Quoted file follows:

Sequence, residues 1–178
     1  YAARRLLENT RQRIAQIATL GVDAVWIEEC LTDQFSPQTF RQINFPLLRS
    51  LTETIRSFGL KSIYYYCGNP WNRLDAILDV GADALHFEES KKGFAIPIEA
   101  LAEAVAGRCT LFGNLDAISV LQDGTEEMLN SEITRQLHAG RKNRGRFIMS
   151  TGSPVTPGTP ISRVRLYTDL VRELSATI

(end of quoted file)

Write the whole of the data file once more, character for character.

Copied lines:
Sequence, residues 1–178
     1  YAARRLLENT RQRIAQIATL GVDAVWIEEC LTDQFSPQTF RQINFPLLRS
    51  LTETIRSFGL KSIYYYCGNP WNRLDAILDV GADALHFEES KKGFAIPIEA
   101  LAEAVAGRCT LFGNLDAISV LQDGTEEMLN SEITRQLHAG RKNRGRFIMS
   151  TGSPVTPGTP ISRVRLYTDL VRELSATI